Oregon Pioneer Biographies


"The Illustrated Historical Atlas Map of Marion and Linn Counties, Oregon," Edgar Williams and Company, 1878, reprinted by the Marion Historical Society

NOTE: Additional information gleaned from other sources at the end of biography from the above book.

Asa H. Peterson

Asa H. Peterson was born in Lewis County, West Virginia, on the Buchanan River in 1822. His ancestors were Swedish. His great-grandfather came from Sweden just before the Revolution. He married Miss Susanna Jones, who was the sister of the heroic Commodore, Paul Jones. Mr. Peterson's father was born in Virginia in 1800; he was raised in the same state, and was quite a prominent citizen, having a fine home on the west fork of the Kanawha. He was also connected with the U.S. military service, holding the rank of major.

Mr. Peterson, the subject of this sketch, lived in Lewis County but two years when his parents removed to the Kanawha, where they stayed until he was 13 years old, when they moved to a place on the west fork of the Monongahela, where they resided until Asa H. was 15 years old, when they went to Indiana.

Mr. Peterson, senior, was Sheriff of the county in which he lived, and being averse to slavery, he gave up his office. When Asa was 18 years of age, they went to Ohio where they lived about two years. From Ohio they went to Henry County, Iowa. Before leaving Ohio he had learned the trade of carpenter and joiner, but did not follow it much. He then learned the trade of watch-making and gold-smithing, under Mr. Richard Richards.

In 1843, when he was 21 years of age, he married Miss Susanna Johnson, daughter of Eli Johnson, of Iowa.

After marriage, Mr. Peterson settled down on a farm, but sold it soon after, He then pre-empted a piece of land, but lost it and the money, too, on account of some irregularity in the land office.

Mr. P. was now left without any of this world's goods, but was not disheartened. He managed to raise an outfit, and started for Oregon in 1845. This trip was a trying one; the train, in trying to cut off some of the distance, got lost, and ran out of provisions, so that they came near starving. This, together with constant danger from the Indians, made their trip one of the most severe on record.

Between Crooked River and the Deschutes, Mr. Peterson left the train and pushed on to The Dalles for supplies for the sick. At last the train arrived at The Dalles, where they made a raft on which to descend the Columbia. They landed at a little place called Linton, which was laid out by Gen. McCarver. It was located a short distance below where Portland now stands. From Linton they moved to the Tualatin when he moved up the Luckiamute and put in a crop, but sold it before harvest time. He then moved to the east side of the Willamette River, where he took up a claim, which was situated at the foot of Knox Butte. Here he built a cabin and made a garden, but shortly after, abandoning this place, he took up the one he now owns.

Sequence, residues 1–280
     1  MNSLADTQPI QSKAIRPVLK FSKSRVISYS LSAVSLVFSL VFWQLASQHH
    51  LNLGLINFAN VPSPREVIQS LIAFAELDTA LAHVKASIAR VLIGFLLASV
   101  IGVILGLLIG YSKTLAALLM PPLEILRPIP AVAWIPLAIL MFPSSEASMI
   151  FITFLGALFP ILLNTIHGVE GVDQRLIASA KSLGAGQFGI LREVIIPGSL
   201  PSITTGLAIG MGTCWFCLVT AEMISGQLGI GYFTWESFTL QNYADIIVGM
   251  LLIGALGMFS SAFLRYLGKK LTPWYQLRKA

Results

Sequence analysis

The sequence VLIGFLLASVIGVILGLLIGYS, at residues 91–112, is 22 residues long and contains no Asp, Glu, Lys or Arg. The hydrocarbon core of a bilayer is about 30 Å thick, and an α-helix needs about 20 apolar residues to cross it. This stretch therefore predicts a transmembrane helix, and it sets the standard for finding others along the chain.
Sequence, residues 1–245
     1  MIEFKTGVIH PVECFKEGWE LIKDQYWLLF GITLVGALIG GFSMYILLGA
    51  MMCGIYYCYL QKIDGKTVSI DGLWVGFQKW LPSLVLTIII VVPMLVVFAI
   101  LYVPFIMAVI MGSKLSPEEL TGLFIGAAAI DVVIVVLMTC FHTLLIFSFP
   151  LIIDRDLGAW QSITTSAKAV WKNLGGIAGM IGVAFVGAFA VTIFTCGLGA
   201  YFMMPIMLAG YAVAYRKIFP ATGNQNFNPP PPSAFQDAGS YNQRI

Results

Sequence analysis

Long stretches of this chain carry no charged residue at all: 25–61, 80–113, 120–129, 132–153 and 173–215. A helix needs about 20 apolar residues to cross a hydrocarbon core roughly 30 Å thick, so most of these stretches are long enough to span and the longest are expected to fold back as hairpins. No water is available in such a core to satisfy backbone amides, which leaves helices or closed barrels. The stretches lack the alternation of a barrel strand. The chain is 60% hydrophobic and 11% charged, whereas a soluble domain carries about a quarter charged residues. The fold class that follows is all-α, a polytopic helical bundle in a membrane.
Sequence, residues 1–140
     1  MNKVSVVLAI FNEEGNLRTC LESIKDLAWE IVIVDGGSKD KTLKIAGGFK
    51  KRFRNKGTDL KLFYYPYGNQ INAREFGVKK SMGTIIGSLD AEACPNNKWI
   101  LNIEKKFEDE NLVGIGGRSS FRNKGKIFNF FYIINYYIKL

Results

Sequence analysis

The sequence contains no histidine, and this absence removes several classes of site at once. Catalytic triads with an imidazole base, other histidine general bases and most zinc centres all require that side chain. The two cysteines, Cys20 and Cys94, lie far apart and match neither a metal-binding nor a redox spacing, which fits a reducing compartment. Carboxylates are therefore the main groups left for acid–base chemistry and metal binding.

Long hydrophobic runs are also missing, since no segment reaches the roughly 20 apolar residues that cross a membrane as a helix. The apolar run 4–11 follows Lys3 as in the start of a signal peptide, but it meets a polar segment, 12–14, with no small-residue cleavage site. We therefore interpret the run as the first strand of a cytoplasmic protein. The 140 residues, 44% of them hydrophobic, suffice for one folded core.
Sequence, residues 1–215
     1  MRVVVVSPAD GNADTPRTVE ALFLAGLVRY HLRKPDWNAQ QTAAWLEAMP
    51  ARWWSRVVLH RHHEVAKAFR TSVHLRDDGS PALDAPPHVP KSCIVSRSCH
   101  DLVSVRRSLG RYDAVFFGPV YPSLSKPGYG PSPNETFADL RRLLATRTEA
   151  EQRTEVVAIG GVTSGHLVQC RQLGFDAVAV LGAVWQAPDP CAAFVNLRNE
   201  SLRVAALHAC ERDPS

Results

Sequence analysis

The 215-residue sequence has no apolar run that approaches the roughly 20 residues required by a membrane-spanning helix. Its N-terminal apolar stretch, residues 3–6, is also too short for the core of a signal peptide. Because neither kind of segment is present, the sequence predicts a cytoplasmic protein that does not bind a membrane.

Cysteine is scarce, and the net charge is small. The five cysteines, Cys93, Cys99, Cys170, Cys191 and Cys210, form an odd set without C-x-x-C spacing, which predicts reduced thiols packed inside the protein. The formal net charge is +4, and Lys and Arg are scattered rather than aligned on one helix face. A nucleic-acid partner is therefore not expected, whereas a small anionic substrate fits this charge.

The country being to a great extent unfenced, Mr. Peterson raised stock, and also started a gunsmith's shop. He improved his place and continued so to do, until at length it has become one of the finest and most beautiful places in the country.

In 1852 he built a mill at Soda Springs, which he sold in about a year, and purchased the Albany Hotel, in Albany, for $1,800. This was the first hotel in Albany. He shortly after rented it out for $50 per month. After two years he sold it and returned to the farm, where he remained until 1871. He took his family and stock and went east of the mountains, where he lived about one year, and then came back to the valley, when he purchased property in Lebanon and started his old business of watch-making, etc.

He has been a hard-working and successful man, and has fully merited the success he has gained. He now has two very pleasant homes, one in Lebanon and the other at the foot of Peterson's Butte. It is gratifying to the old pioneers of today, who have succeeded in life, to look back at those old times when they endured all kinds of hardships, living principally on boiled wheat, going 100 miles or so to mill, having no luxuries and but few of the necessaries of life, and then at the smiling prosperity and abundance by which they are now surrounded. Mr. P. started with nothing, and by persevering frugality, he finally owned about 600 acres of fine farm and pasture lands, besides a fine herd of stock.

Mr. P. is the father of seven children, five of whom are living, four of these being grown; the eldest, Daniel J., born in Iowa in 1844, resides near Lebanon; Melissa, born in Oregon in 1849, is married to Mr. Henry Khun, and now lives hear her father's farm; Garrison J., born in Oregon in 1851, now lives near Lebanon; Walter C. born in Oregon in 1860, is a jeweler and in business with his father, and like him, is a natural mechanic. He has received a good business education and has a natural leaning towards this business; Frank O., born in Oregon in 1869, is at school.

Mr. Peterson may be classed among our substantial citizens, and he possesses the confidence and respect of the community.


ADDITIONAL NOTES on Asa H. Peterson: buried in Sandridge Cemetery, Linn County, along with his wife; DLC #2246 OC, Linn County, Township 12S, Range 2W, Sections 16, 17, 20, 21, 640.21 Acres. Obituary for Asa H. Peterson published in "The Oregonian," Portland, Sept. 13, 1897. Obituary for Susanna Peterson published in the "Lebanon Express," April 25, 1917.

Asa's father was Henry J. Peterson, DLC #1594 OC, Asa's mother was Eliza Allen. Asa's wife, Susanna, was the daughter of Eli Johnson and Susanna Martin.

Family group sheet indicates six children of Asa and Susanna:

NOTE: Mr. William Henry Khun listed above is Mr. Henry Klum. Information from Dallas Carley -

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